- "My relationship with a man ended badly. But my relationships with women end wonderfully and we're still friends. I think that's Allah showing me that I'm compatible with women more than men. I’ve suspected this, but it's good to have more proof!" (27, Malaysia, she/her)
- "I fell in love when I was 20. The other girl had no idea, we were just acquaintances at that point. When I went to her campus, we didn’t talk much, but on the way back home she was all I could think about. She seemed almost like a prayer to me. I was a very devoted practising Muslim at the time— I prayed all 5 prayers, 3 of the nawafils, read Quran, ‘no music just naats’ level of religious. She was part of my thoughts for 3 months. I was happy being in love with her without her knowing, so I never told her and didn’t even pray for her to like me back. During Ramadan she threw me a surprise birthday party, and my friends told her I liked her. Guess what, she liked me back! It was so unexpected. At that point, I felt like God had given me this love. It felt like there was somebody out there looking out for me— not despite my queerness, but through it." (27, Pakistan, she/her)
A MORE PERPETUAL EXPERIENCE OF DIVINE LOVE
Instead of single major moments, his experience of Divine love is reflected by meetings and moments that seem to happen by coordinated design. “There haven’t been any miracles or dreams for me. I learn a lot about God through people, through incidents. Every milestone I have has been because of an encounter with people. So I learn about God through everyone I meet. Ordinary people, some who others don’t even want to see or meet or know. Sometimes it’s a sequence of events that do not feel like coincidences.”
Raised in a conservative and traditional family, he was humbled into a big change while working on his degree. “I was sent to an Islamic boarding school to study religion and the Quran from very young. Then I was trained in law and theology. At 20 or 21, I had just written a criticism of amina wadud for leading mixed congregations. She had led congregational prayer for the second time, in the US. I was still conservative then.”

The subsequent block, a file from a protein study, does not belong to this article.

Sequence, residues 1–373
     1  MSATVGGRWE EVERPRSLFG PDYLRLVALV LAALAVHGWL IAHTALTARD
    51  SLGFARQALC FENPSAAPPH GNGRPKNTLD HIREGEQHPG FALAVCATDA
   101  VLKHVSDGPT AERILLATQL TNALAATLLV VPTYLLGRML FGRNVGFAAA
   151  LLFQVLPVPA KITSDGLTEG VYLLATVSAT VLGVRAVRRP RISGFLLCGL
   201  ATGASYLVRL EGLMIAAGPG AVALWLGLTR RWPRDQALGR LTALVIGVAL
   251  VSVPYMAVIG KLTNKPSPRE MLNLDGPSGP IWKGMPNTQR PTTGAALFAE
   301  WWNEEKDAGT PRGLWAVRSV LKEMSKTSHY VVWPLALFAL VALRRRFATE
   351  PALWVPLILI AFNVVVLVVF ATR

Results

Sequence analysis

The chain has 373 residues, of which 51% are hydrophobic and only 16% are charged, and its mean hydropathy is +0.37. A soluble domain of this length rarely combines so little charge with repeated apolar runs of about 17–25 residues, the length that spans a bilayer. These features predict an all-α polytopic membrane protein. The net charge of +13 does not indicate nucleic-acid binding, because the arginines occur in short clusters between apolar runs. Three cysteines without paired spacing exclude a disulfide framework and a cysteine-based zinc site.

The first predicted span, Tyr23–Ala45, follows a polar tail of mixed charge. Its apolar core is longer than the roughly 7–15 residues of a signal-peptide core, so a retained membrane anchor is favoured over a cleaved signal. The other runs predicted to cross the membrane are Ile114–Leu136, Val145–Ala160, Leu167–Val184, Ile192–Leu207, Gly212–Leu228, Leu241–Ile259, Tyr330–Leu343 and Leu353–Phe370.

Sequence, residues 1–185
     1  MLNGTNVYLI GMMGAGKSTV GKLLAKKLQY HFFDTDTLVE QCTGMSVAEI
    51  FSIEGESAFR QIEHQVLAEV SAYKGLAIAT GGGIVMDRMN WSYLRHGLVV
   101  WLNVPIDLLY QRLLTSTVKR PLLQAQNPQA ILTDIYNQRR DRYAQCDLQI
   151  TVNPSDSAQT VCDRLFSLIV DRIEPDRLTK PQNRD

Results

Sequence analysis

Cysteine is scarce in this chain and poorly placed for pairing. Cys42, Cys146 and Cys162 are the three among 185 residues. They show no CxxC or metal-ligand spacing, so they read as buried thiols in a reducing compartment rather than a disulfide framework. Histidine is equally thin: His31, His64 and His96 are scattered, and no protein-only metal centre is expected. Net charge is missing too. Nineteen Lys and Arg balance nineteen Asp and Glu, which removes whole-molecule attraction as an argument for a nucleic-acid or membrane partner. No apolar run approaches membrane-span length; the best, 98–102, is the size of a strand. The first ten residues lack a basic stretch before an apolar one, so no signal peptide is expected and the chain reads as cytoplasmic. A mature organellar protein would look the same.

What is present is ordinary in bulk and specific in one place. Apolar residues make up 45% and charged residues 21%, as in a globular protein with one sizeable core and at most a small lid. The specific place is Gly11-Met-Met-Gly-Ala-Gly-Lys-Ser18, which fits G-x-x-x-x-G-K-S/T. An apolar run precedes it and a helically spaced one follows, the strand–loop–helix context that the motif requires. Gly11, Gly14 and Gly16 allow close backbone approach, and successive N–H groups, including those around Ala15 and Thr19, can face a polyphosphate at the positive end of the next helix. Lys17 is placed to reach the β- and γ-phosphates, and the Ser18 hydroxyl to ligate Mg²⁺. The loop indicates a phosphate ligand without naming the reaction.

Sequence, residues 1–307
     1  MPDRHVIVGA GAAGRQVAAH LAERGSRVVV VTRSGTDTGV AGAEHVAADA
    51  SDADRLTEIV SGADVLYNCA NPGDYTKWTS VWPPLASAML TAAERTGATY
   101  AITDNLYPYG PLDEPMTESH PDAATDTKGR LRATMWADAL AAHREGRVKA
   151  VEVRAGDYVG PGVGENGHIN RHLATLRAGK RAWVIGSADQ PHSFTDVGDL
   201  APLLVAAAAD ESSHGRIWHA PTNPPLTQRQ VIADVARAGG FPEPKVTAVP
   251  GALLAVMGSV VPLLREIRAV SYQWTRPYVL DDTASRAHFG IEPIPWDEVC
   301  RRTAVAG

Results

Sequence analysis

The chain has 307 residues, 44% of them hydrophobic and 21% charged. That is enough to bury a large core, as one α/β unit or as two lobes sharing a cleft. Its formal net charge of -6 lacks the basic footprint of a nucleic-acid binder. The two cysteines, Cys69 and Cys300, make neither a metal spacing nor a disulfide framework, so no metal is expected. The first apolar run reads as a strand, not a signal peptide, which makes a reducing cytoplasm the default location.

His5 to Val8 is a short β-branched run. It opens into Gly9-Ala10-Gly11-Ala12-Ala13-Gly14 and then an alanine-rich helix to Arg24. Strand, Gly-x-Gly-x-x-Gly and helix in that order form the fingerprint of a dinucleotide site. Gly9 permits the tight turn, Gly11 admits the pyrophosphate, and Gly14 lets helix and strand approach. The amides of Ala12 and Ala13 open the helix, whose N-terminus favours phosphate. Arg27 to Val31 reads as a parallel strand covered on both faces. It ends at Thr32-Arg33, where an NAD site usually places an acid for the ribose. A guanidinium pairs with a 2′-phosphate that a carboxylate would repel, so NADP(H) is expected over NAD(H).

He spent every day outside of class attending mosque lectures. But one day, the ustaz teaching in that mosque fell ill and could not make it. With the free time suddenly on his hands, he decided to go to the library. “So I was there reading classical tafsir, and I stumbled into the distinguished interpreter al-Tabari mentioning a ruling on women leading prayer in congregation. He presented an Umm Waraqah hadith and all the viewpoints on the issue, but he criticised the opinion that it was haram. His view was that women could lead a congregation, although there were more details to that. That was when I realised there were other opinions about this issue and it was never black and white. Years later I actually told amina wadud about all of this, because it navigated me somewhere different. After I read that al-Tabari interpretation, I decided to read classical texts in the library more often, and only went to mosque lectures every other day instead of every day.”